Redemption over Replacement

By Wes Garner

I  like trucks.  All kinds of trucks.  In a world gone soft, there is something satisfying about a two-ton tool that gets the dirtiest job done without complaint.  Several years ago, I needed a new vehicle and decided to search for a four-wheel drive friend.  The only problem was my cash resources were meager to say the least.  With only $1,500 to spare, my Craigslist results yielded either rusted warriors or mechanically wounded veterans.   Since bodywork is beyond my skill set, I focused on the wrecked engine category.  Eventually, I found a 2000 Ford Ranger, not running, for $1200.  A blown head gasket had stopped it in its tracks.  So, with a little negotiation and a wrecker, I drug it home for $850.  And there in my garage a little miracle happened; a miracle called resurrection. I dismantled the engine, reworked the heads, replaced the gaskets, and cleaned everything.  It was, for me, a long and tedious labor of love.  Yet after many silent hours, the moment of truth came.  With a turn of the key, the restored power plant rumbled back to life.

This automotive illustration provides an essential truth for the wire and cable industry.  When it comes to equipment, employees, or customers, redemption is often better than replacement.  Succinctly put, there is power in bringing things back to life.

Before we apply this principle, it’s important to grasp it wholly.  Perhaps enumerating the steps to redemption will bring clarity.  Be careful not to breeze over this section. The depth of meaning far exceeds the brevity of writing.

Redeeming means:

  1. Looking past the current state and seeing that something or someone previously had value
  2. Realizing the value has been robbed by time, use, neglect or mistakes
  3. Envisioning the person or thing being restored to their original state of value
  4. Considering the cost of redeeming
  5. Investing the necessary means to redeem with patience and persistence
  6. Enjoying the immense rewards of your labor

Now, with the principle stated, lets apply it in the real world of contract manufacturing.

The principle applied to equipment

SureTech Assembly produces custom cable assemblies from 30 awg to 4/0.  Up until recently, our equipment capabilities ranged from 30 awg to 1 awg.  For larger gauges we employed a manual cut table.  As volumes increased, a common perplexity arose concerning tooling.  How do we procure appropriate equipment when the revenue stream has not yet been fully realized?  As such, we began to scour the used equipment market for something broken.  Better stated, we searched for something we could redeem.  Eventually, we located and purchased a used Komax Kappa 240 that was deeply discounted.  Deeply discounted!  The used machine was paralyzed with electrical problems and would not even boot to a production screen.  We applied the steps listed above (you may want to reread them now) and within a few short weeks she breathed life again.  It’s been a year since that repair, but this morning I heard it running perfectly.

The principle applied to employees

SureTech Assembly has utilized this principle extensively in employment.  Over the years, we have hired people who are handicapped, destitute, troubled, and even imprisoned.  One young lady had a recent drug addiction but was now clean and seeking a job. Carefully, she was employed and began as a floor worker.  As time and investment accrued her life began to change.  Eventually she became a line leader and excellent employee.  On another occasion, SureTech employed a person who had been previously incarcerated.  We even provided transportation to help the person back on their feet.  A final example includes a person who had previously sorted chicken eggs.   Obviously, their skill set was very limited.   However, with intentional investment, she blossomed into supervising a production line.  Sometimes, the road has been hard, but it has proven to be profitable in ways that can’t be measured.  The principle is certain, it is wise to put to work what everyone else throws away. In the words of one, “…I have come to seek and save that which was lost.”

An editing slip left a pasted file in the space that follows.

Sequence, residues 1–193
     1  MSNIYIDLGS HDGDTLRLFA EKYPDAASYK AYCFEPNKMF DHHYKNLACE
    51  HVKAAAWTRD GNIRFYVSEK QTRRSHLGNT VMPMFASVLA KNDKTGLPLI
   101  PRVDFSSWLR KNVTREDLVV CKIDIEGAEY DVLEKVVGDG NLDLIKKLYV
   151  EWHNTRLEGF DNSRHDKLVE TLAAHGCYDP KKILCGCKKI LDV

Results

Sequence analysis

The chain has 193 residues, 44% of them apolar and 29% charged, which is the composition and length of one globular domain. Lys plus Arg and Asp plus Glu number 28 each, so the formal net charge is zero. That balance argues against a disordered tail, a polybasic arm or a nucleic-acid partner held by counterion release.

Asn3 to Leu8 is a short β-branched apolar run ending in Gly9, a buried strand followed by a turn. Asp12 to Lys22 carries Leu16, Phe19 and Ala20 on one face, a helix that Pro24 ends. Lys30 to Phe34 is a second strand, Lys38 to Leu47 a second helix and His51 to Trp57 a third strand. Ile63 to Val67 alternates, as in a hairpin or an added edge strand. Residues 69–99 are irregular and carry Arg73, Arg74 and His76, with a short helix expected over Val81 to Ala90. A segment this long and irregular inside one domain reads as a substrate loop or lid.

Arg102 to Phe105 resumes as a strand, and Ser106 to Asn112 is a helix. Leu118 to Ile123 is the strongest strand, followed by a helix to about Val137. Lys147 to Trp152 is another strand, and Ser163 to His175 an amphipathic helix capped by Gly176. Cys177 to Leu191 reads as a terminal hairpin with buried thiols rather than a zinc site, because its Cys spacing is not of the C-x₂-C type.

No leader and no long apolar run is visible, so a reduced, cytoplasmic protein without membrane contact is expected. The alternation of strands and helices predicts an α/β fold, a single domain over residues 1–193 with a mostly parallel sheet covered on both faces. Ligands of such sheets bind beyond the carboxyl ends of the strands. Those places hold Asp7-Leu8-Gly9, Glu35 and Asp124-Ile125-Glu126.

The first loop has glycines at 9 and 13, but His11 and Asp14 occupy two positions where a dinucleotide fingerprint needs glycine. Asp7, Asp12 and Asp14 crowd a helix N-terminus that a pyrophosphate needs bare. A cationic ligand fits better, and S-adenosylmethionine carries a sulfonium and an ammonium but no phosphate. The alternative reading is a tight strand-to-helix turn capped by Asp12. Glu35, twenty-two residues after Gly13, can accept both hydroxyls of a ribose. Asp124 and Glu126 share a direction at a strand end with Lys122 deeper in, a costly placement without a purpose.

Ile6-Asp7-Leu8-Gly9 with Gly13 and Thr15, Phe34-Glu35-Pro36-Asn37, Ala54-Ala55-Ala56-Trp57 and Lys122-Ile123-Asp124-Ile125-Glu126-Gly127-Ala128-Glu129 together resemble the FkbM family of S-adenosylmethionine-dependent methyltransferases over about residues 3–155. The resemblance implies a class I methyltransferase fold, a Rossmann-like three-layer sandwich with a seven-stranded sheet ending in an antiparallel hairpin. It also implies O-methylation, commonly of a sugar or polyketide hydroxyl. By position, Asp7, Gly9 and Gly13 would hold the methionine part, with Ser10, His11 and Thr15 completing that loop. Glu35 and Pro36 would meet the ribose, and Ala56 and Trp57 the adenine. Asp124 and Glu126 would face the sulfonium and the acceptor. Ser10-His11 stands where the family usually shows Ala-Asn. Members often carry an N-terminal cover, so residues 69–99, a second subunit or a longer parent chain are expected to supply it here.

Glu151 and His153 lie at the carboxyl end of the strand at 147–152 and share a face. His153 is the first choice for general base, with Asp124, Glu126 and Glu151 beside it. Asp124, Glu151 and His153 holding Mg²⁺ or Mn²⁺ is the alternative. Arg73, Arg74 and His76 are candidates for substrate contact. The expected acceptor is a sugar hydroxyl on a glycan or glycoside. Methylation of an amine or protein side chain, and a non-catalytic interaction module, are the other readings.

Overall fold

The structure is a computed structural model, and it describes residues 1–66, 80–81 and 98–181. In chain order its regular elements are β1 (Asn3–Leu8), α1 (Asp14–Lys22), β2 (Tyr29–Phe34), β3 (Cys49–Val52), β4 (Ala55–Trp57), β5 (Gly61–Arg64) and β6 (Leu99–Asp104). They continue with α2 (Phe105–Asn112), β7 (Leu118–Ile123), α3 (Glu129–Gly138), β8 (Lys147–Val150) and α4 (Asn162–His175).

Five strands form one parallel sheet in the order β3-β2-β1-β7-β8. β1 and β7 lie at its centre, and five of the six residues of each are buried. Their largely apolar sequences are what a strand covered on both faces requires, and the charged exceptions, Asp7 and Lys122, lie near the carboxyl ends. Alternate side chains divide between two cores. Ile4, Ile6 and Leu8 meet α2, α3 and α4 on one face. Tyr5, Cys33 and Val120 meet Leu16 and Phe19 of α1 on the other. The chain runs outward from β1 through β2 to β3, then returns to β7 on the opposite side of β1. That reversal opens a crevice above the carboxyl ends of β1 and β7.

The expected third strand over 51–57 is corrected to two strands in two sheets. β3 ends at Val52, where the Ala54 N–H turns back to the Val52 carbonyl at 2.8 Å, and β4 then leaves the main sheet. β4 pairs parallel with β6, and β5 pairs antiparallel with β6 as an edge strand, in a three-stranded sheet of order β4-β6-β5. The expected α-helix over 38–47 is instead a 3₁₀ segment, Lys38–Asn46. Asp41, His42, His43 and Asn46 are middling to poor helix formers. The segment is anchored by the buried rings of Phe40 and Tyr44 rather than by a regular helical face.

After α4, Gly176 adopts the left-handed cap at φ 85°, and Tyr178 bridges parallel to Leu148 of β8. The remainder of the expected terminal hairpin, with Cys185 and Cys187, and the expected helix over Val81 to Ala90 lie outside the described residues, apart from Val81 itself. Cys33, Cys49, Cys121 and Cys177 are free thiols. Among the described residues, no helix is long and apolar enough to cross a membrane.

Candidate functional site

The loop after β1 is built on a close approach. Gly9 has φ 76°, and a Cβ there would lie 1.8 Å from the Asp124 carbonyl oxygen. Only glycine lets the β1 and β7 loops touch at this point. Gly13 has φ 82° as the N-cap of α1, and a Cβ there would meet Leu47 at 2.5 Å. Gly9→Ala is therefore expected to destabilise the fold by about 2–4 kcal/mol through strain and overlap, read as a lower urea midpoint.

The principle applied to customers

Inevitably, some customers experience major difficulties.  They lose market share, their industry declines, or leadership changes.  In one way or another, they find themselves in a bad place.  In these moments, it’s easy to discard the customer and search for a replacement.  But redemption is often better than replacement. In one such case at SureTech, a customer moved all their assemblies overseas to a low-cost region.  However, our support remained the same as their purchase orders slowed to a trickle.  Another customer struggled as a start up in the pharmaceutical industry. We faithfully stayed by their side. In a final case, a customer changed management and imposed unfair terms on SureTech.  We patiently worked through each imposition.  Today, all three customers remain viable!

Indeed, there is power in bringing things back to life.  It is a principle that transcends the wire and cable industry.  It is a truth that can be applied to the simplest things in life and the deepest parts of our soul.  And when it is applied it works.  Five years have passed since that engine rebuild.  But this morning, as the odometer clicked past 227,000 miles, my Ranger gladly carried me to work.  And we were both joyful for the principle of redemption.

Wes Garner is the Director of Sales and Marketing at SureTech Assembly.  He holds a BA in Christian Studies.  [email protected]

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